When I was in middle school and high school, I seriously struggled with what to wear. I went from glitter jeans, to fanny packs, to shapeless collared dresses, to huge sneakers. How do you define your own style? Let me tell you about my journey and how I came about my own style.
1. No one taught me how to dress myself when I was young. When I was in middle school, I had no curvature at all. I came from a devout Christian elementary school, and I wore exclusively ill-fitting, large clothing. I also had some remarkably dowdy dresses for "Chapel Day" that I didn't have anything to do with. I kind of just wore what I had, because I was still overcome with the need for modesty and my clothes did that. Nevermind that all my shirts we're huge event shirts in Men's Medium that folded into a peak from my collarbone to my waist. I always felt like I was wearing a pyramid.
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Like this, but a shirt.
Halfway through 7th grade, my aunt swooped in from the other side of the country and freaked out that I was such a fashion mess. We bought entirely new clothes, makeup basics, she gave me a new haircut. I was so excited to feel pretty, and so grateful to let someone else make the decisions. I thought I had no fashion sense, so I needed someone else to call the shots.
I've never trusted anyone with my appearance again.
I walked into school with a suede Pocahantas top, feeling oh-so-borrowed-cool, when I saw the people's reactions to my sudden, extreme style change. They had no idea how to react, but clearly it wasn't working for them. There we're people who suddenly started outright teasing me. Later, I realized that it was because I had suddenly started wearing someone else's style, and not only was it immediately obvious, but it was extremely unflattering.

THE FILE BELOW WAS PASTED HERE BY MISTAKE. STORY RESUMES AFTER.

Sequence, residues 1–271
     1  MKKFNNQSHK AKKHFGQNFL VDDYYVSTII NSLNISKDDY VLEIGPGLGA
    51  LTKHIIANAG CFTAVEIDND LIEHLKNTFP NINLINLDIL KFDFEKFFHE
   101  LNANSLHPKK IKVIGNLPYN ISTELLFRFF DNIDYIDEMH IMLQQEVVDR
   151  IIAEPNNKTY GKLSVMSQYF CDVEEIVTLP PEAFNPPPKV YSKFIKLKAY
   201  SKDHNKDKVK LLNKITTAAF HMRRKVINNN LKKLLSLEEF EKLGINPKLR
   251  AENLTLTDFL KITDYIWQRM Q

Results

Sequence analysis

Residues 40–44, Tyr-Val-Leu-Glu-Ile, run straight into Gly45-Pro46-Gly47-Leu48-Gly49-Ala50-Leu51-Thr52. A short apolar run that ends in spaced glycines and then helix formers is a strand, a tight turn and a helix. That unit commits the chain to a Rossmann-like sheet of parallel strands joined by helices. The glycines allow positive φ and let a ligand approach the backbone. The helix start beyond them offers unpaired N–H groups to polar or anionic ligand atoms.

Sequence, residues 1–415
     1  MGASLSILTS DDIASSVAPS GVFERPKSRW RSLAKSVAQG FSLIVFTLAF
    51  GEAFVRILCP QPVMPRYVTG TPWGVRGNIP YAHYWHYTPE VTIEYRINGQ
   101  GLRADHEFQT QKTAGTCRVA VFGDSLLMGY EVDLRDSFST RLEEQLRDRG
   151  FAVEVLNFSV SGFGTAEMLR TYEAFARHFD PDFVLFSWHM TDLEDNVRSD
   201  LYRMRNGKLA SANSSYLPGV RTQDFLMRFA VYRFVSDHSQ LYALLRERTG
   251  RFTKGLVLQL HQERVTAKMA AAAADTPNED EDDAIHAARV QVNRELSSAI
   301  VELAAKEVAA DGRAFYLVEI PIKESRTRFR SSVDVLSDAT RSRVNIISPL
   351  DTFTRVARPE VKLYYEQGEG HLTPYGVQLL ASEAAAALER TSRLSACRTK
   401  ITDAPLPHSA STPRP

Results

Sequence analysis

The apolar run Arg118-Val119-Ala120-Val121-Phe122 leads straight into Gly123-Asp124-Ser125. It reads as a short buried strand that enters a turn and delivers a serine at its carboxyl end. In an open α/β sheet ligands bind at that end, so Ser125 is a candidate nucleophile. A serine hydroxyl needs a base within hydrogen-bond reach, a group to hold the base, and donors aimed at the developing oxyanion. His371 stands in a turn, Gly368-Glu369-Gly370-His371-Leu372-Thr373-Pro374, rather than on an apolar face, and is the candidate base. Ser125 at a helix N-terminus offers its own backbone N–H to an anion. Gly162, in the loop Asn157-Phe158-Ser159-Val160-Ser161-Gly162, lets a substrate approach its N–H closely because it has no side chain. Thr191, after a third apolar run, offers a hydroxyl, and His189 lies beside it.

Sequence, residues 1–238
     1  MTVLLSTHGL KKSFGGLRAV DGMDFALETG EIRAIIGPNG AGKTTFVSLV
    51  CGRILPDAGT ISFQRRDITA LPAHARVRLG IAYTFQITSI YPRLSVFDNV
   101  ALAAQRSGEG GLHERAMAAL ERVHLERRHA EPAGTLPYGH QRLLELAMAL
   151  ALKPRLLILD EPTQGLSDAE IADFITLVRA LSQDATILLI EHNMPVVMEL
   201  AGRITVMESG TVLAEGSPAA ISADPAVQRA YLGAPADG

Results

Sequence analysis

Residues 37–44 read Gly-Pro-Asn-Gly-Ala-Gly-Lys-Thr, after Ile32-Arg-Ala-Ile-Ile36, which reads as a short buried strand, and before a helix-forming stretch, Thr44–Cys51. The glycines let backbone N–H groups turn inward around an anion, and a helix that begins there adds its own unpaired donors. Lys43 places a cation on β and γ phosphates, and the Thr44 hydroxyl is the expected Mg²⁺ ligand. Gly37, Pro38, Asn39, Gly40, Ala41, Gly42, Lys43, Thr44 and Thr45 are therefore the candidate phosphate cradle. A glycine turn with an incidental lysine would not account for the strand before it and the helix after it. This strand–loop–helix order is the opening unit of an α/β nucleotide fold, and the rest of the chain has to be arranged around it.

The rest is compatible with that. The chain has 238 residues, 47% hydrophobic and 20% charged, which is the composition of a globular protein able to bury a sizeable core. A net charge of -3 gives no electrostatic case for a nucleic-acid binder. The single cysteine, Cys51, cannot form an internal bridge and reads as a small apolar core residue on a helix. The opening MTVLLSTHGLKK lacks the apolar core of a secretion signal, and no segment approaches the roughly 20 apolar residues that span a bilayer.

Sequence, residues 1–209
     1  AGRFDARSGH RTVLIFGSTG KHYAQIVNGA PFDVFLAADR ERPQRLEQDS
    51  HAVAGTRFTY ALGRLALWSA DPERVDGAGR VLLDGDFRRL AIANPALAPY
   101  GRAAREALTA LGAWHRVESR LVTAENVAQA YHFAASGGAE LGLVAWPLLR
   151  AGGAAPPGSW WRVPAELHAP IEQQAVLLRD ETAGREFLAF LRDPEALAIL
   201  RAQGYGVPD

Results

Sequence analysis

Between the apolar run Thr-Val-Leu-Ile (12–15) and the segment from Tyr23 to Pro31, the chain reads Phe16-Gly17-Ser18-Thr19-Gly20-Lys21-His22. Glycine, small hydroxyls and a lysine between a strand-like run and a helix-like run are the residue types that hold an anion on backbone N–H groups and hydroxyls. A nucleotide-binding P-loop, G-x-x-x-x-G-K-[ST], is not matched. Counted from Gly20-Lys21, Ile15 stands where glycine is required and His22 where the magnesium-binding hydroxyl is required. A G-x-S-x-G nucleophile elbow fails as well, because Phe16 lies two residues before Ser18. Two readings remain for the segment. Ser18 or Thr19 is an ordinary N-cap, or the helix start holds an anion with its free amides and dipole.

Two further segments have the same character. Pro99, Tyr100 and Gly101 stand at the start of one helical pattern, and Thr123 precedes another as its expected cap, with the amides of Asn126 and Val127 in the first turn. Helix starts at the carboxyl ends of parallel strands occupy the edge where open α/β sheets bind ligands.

2. I had to take what I was wearing into my own hands. My mother had a shopping addiction. She just couldn't help herself. When I was young, I couldn't bear to shop with her because it would be a 4 or 5 hour commitment. At first I would go with her to keep her company, but soon I tired of it and just read in the car. I couldn't, and wouldn't, try on every item in the place. I grew up as a child with no say in what was in my dresser. Nothing fit me correctly, really worked with my skintone, or even looked decent on me. I just wore clothes because I had to cover up my body, not as any statement. In itself, that was a statement, and people noticed.
After my Pocahantas shirt embarrassment, I took action. I ordered every clothing catalogue that shipped to my area. I combed through them, circled things, and learned what was "fashionable" at the time. In my mind, I would be super hip and gorgeous, but I didn't realize that what I was selecting was based on what I thought looked good on the models, not what would look good on me.
This lady is gorgeous and has a completely different skin tone, body shape, and attitude than I do. Those pants would look ridiculous on me, while she rocks them! Everybody's different.
3. I started finding the basics. I loved plain shirts, plain jeans, plain sweatshirts, plain sneakers, plain socks, plain everything. It started off as an answer to my previous glitter jeans, pyramid shirts, and Pocahantas shirts. I was ready to be done floundering and make sure that I had things that went with other things. Too often, I'd be caught with a glittery shirt, glitter jeans, and then glitter sneakers that all clashed. I started figuring out that I needed to balance statement pieces with plainer pieces. That way, I could really highlight what made that particular glitter piece special! (Yeah, I was 12 and religious, I loved glitter. It was the only thing that made me feel both modest and flashy.) I started finding what I loved at Gap, because back then it was a slinkier, urban basics store.